From dust till dawn: Geert restores his father's collection to glory


There is (much) more to an (ex-)colleague than meets the eye. Although it's often worth showing off, some remain unnoticed. This week: life after Sofico.

​​​​​​​Q1: Geert, since you retired in early 2020, we hired a few dozen new colleagues. A brief introduction for the new Soficans who don’t know who you are?  

"Oops. ? A long time ago, I was one of the first Soficans when Sofico was started back in 1988. We were 3 at that time and located in the center of Ghent. Back then, we had a wholesale application for car parts. When Piet joined (I remember we were on our bare knees in a pub asking him), we started developing Leasebase. Later on, we moved to Merelbeke and from there to the current offices in Zwijnaarde. In the beginning, I was mostly programming for the wholesale application in C. Databases hardly existed or were too expensive for our customers. Afterward, I was involved with the helpdesk team and later on, our internal IT systems and infrastructure."

Q2: People often plan to travel after their retirement, but you retired in the middle of the first lockdown. Did you find a ‘pet project’ to work on instead? 

"That was the initial plan indeed. The only time I took 2 whole weeks of vacation was for my honeymoon in 1990 and I promised my wife that we would take a longer holiday when I retired. She always wanted to visit Ushuaia and we could combine that with a visit to my family in Paraguay. Due to covid, this dream vacation was replaced by 4 days in June at a friend’s holiday home in France, where I mowed the lawn since nobody had been there since the start of the lockdown in March... "

"As there was no chance of travel, I started the long-overdue inventory of my late father, Robert’s collection. My father started collecting scientific measuring instruments around 1970 but his collection also includes some strange instruments, scales, curiosa, motors, and even steam machines. The smallest item is an old 4 cm sundial, the biggest was a steam roller that stood in the garden and weighed 18 tons."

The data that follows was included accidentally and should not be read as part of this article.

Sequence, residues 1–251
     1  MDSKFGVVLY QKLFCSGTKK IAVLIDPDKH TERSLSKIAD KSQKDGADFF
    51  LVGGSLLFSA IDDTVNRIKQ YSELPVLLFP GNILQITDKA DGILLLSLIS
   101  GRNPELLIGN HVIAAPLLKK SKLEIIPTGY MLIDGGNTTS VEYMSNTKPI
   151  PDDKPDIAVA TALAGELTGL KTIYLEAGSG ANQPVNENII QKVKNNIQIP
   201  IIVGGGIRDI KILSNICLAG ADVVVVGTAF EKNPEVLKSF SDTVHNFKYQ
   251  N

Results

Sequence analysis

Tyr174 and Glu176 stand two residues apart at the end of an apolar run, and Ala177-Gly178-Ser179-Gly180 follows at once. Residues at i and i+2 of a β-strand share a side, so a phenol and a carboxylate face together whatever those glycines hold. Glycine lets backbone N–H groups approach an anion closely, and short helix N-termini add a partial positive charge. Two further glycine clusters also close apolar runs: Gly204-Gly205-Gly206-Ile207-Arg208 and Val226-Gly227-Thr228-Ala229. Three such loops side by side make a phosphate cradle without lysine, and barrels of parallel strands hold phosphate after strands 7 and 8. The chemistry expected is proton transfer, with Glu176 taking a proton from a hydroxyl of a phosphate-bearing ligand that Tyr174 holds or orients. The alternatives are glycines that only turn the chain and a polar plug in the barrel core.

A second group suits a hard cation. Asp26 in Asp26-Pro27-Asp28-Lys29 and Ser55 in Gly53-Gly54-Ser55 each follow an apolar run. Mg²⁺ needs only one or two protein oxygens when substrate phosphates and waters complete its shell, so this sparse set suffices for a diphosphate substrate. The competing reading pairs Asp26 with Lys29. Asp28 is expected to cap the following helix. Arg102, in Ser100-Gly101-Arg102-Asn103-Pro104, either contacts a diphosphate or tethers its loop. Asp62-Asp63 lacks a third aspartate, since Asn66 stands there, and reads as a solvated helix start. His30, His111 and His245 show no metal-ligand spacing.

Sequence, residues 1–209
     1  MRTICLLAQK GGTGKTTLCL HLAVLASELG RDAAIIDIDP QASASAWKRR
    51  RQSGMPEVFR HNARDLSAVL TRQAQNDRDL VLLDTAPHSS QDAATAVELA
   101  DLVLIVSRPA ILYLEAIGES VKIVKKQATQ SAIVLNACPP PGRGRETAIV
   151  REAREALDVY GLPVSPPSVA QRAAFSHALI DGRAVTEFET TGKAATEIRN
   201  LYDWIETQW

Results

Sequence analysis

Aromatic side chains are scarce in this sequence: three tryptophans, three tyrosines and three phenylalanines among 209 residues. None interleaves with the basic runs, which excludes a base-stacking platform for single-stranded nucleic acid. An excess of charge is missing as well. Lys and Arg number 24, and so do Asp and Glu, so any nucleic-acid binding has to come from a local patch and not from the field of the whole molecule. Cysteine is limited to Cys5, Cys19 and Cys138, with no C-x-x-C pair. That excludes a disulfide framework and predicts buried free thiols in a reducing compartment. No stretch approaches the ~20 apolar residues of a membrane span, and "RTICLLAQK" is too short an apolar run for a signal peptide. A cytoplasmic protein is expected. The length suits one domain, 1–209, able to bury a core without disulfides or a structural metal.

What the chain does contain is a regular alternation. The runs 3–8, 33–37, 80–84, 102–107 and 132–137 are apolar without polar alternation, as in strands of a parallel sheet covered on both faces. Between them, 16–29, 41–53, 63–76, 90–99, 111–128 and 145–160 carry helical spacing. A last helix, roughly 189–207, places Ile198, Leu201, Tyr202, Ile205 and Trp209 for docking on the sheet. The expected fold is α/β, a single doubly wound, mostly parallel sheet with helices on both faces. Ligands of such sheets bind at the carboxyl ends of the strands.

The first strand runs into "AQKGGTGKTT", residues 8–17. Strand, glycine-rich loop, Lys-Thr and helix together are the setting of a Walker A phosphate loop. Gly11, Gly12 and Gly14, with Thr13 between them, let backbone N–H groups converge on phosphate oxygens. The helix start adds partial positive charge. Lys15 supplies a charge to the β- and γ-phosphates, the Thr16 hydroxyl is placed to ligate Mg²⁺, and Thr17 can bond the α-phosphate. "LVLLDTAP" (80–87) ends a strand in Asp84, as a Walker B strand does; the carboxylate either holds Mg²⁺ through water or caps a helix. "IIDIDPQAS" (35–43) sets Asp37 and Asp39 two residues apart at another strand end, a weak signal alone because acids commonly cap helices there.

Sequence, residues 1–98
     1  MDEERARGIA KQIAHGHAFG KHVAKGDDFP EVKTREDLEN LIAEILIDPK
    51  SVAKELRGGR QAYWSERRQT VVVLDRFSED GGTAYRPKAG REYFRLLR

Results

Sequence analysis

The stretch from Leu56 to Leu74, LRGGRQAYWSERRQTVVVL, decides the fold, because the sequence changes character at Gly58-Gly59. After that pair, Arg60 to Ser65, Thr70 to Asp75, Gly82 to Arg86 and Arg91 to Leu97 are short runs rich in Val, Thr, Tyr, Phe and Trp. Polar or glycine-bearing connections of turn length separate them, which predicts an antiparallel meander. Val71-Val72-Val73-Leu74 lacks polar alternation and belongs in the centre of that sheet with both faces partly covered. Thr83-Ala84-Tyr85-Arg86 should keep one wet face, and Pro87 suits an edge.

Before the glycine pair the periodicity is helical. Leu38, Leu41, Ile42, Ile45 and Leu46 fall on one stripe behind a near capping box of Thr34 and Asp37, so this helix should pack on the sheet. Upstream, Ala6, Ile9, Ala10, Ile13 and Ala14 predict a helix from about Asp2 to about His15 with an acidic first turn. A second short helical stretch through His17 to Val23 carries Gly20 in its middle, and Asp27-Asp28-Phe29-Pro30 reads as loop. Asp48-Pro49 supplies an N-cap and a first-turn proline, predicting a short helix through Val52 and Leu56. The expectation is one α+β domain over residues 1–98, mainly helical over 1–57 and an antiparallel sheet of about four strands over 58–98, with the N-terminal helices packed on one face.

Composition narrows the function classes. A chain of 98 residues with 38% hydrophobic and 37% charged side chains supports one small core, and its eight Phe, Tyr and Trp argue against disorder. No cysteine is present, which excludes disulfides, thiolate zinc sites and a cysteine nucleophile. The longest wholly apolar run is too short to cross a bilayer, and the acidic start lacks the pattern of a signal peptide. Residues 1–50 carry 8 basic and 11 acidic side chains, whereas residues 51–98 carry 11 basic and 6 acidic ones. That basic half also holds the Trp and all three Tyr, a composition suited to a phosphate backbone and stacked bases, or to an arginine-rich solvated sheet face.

"Since he passed away in 2012, his collection was gathering dust, and nobody could enjoy it. In November last year, I got started on it and it has been a 7-days-a-week job. So that’s one thing that did not change: in the morning I tell my wife I am going to my office."

My father started collecting scientific measuring instruments around 1970.


2021-03-19 11_12_17-The Speedy Moisture Tester (0348) — Robert's collection of antique scientific in




Q3: So, we are clearly not talking about a handful of antiques displayed in a cupboard. This is quite a sizeable collection? 

"Happily, my father left some old spreadsheets with some info. I did not like the number of lines in his spreadsheet: 998 … Luckily, he had sold or given away some items over the years. My guestimate is that there are some 400 items left in the collection. Most of them are stored in the garage attic. The proceeding is always the same: I get something from the attic and on to the workbench for cleanup (some petrol for the metallic parts, some wood wax for the wooden parts). After that, it goes to the photography table to take pictures."

"Then I search through my father’s files for information, and I spend a lot of time googling for more info. When my small office is full, it is time to start packing to make room again. As most items are quite fragile, this is the most time-consuming. The final step is to edit the photos and put them on the Squarespace website."





 Q4: You made this website, to showcase the collection and to ‘crowdsource’ the effort of completing any missing information like the maker, year, or function.  

"That is indeed the main goal. Remember that for us google is our friend, but in the 1900s, the only way to get information was to go to the library and search through books. Even with google, there are still a lot of items where I can hardly find any information. All the items are listed in detail on the websiteIf anyone has any information or any leads on where to find info, they can leave a comment.

Remember that for us google is our friend, but in the 1900s, the only way to get information was to go to the library and search through books.


Q5: Do you have any future plans for the collection? Are you planning to sell or display it?  

"As I do not have enough room, the plan is to sell the collection. Or maybe donate to a museum, but as the collection is rather varied, that would be difficult."

Q6: Do you have any plans to travel post-corona? Where? 

"No hesitation there: I love Oman. We have been going there since 2000. Back then, the only tarmac was from the airport to the hotel and when you traveled from Muscat to Sur, the drive took about 1 day for the 160 km. The hotel you departed from providing you with food and water for 3 days in case you got stuck from a sudden rainfall. You had to drive over the beach and unpaved ‘roads’. Once you arrived, you were obliged to call the previous hotel to tell them you had arrived ok. Now a lot has changed, but the desert nature remains beautiful and people-friendly."


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